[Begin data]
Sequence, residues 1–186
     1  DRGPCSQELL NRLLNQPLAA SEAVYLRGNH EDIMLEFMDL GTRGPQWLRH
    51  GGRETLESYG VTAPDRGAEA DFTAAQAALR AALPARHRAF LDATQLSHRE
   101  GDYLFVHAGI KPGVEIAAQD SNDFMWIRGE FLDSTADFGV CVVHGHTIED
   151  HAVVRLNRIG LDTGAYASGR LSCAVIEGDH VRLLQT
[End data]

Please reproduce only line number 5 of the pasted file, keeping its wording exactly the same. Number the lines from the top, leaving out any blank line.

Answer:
   151  HAVVRLNRIG LDTGAYASGR LSCAVIEGDH VRLLQT